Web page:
Temperatures are on the seasonably cool side early on this Tuesday morning, in the upper 40s to lower 50s for most of us as we head toward 3:00am. However, they are running a few degrees above the forecast we’d had for the overnight. This is because of pesky low cloud cover still hanging tough early this morning. It is likely to persist a few more hours before shifting east and burning away with time through the morning. The satellite-based fog products in our VIPIR system are lit up like a Christmas tree this morning, but visibility reports at all weather reporting sites across southern middle Tennessee and north Alabama show excellent visibility. That, combined with the presentation of the cloud cover on satellite, dewpoints being a few degrees away from the temperatures, and the temperatures staying milder, lead me to believe that these are just low clouds instead of true ground-level fog.
Those clouds will shift on out of here as we head through the morning though, and that sunshine that we haven’t seen much of the last few days will allow us to warm into the mid to upper 60s by the afternoon. I wouldn’t be shocked if a few folks briefly sneak up to 70 or 71 this afternoon back near Savannah, TN and down into northeast Mississippi. Clear skies will allow us to have the efficient radiational cooling we had expected for early this morning, and that will allow temperatures to drop into the low to mid 40s by daybreak on our Wednesday morning.
The warming trend that begins today continues into Wednesday and Thursday as high pressure at the surface shifts to the east and we get more of a southerly flow. This will allow temperatures areawide to warm into the lower 70s for daytime highs and morning lows to moderate back to the upper 40s and eventually the low to mid 50s as moisture increases. This is all ahead of the next frontal system that comes in Thursday night into Friday morning. Ahead of it, clouds will begin increasing Wednesday night into Thursday, and we might even see a few showers as early as the morning hours of Thursday. However, the relatively better rain chances will hold off until Thursday afternoon and Thursday night, before wrapping up early on Friday morning, possibly even before daybreak. While we don’t expect severe storms or widespread heavy rain, there may indeed be a few isolated rumbles of thunder or heavy downpours with this system, as it will have more of a connection to Gulf moisture than the past few systems have had. Temperatures don’t change a lot behind this front, with the morning lows being the biggest difference because of drier air moving back in toward the weekend. This will allow morning lows to drop back into the mid 40s. Daytime highs look to stay into the upper 60s or lower 70s through the weekend before signs of a warm up going into next week.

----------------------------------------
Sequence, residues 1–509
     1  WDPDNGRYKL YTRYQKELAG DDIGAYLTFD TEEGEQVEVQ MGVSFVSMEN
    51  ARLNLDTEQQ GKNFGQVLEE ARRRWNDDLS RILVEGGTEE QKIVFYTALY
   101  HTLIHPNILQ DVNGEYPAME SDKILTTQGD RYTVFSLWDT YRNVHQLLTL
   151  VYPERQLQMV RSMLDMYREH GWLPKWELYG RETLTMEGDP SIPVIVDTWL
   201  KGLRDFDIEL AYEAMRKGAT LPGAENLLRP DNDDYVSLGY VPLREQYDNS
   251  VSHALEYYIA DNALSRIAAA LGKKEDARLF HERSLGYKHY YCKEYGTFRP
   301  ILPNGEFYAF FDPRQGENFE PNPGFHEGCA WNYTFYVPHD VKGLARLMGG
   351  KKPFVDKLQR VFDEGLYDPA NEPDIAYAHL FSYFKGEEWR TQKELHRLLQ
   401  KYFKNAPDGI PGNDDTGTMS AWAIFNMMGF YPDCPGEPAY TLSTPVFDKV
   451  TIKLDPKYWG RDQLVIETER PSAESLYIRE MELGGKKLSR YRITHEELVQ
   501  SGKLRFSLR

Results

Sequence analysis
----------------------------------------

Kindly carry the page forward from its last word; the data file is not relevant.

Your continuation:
While it is true that this system will have a better moisture connection from the Gulf than the past few systems and that there might be a few isolated heavy downpours or rumbles of thunder, we still don’t expect a lot of rain from this system. The GFS seems to be on the drier end of the model guidance with totals generally running from one tenth to near one quarter of an inch of rain, while the Euro is modeling a few more heavy downpours and embedded thunderstorms than the GFS, and this allows for slightly heavier rain totals, but still generally under an inch for everyone despite that. While we haven’t had a big rainmaker lately, the GFS has pretty consistently been a little too dry compared to reality with the past few systems while the Euro has been too aggressive days in advance before scaling back some. We think the truth is probably somewhere in the middle, and the NWS WPC office agrees, with their rainfall totals forecast being a general quarter to half inch for most folks. Keep in mind that that WON’T fall evenly for everyone, it NEVER does. Some folks may see an isolated heavier downpour that gives them a bit more (like the Euro model shows), while others don’t get as much and have totals that may be closer to the GFS. Until we get closer to the event and get it into higher-resolution modeling, our forecast has to be a general range of what to expect for the overall area.
Looking at general trends for next week into the 14 day time period, we do see signs of warmer temperatures as troughing in the upper levels shifts onshore across the western United States and we trend more toward ridging over the eastern areas. That does NOT mean flat out hot weather is coming, but we will probably return back to highs in the mid 70s or a little warmer as we head into next week and through the latter part of the month. That pattern change would also suggest we see more in the way of southwest flow in the upper levels. That often means southerly flow here at the surface, which would bring in moisture from the Gulf. It often also means weather systems ejecting out to interact with that moisture. We might just be starting to head toward a wetter and more unsettled pattern as we round out the month of October and head toward November. This should shock absolutely no one in our area as we often see the weather pattern turn more active as we head toward and into October as the jet stream begins diving southward.
This warmer and more unsettled pattern with systems ejecting out of the west does hint that we may have to start keeping an eye out for storm threats though. Keep in mind that our tornado season in the Tennessee Valley begins in November and runs through late May to early June. Some years when the pattern gets going a little early, things can start getting active in October in our part of the country. It’s too far out for us to be concerned about any storm systems at the moment, but we will just have to keep a general eye open as we head forward the next few weeks and beyond!